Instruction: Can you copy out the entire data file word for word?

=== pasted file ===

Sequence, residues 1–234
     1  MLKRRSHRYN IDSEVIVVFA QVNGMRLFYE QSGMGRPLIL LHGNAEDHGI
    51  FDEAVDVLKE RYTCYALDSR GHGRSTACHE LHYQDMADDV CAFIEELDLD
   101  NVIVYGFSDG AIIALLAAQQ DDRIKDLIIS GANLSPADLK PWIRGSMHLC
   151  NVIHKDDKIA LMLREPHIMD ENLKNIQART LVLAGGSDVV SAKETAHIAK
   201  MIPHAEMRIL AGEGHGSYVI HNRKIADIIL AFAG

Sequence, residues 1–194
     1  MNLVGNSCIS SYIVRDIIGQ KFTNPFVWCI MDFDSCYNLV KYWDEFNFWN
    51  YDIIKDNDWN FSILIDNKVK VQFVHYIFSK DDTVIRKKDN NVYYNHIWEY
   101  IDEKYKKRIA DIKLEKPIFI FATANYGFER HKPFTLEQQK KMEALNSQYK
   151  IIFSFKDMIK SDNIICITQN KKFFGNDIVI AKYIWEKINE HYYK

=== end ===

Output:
Sequence, residues 1–234
     1  MLKRRSHRYN IDSEVIVVFA QVNGMRLFYE QSGMGRPLIL LHGNAEDHGI
    51  FDEAVDVLKE RYTCYALDSR GHGRSTACHE LHYQDMADDV CAFIEELDLD
   101  NVIVYGFSDG AIIALLAAQQ DDRIKDLIIS GANLSPADLK PWIRGSMHLC
   151  NVIHKDDKIA LMLREPHIMD ENLKNIQART LVLAGGSDVV SAKETAHIAK
   201  MIPHAEMRIL AGEGHGSYVI HNRKIADIIL AFAG

Sequence, residues 1–194
     1  MNLVGNSCIS SYIVRDIIGQ KFTNPFVWCI MDFDSCYNLV KYWDEFNFWN
    51  YDIIKDNDWN FSILIDNKVK VQFVHYIFSK DDTVIRKKDN NVYYNHIWEY
   101  IDEKYKKRIA DIKLEKPIFI FATANYGFER HKPFTLEQQK KMEALNSQYK
   151  IIFSFKDMIK SDNIICITQN KKFFGNDIVI AKYIWEKINE HYYK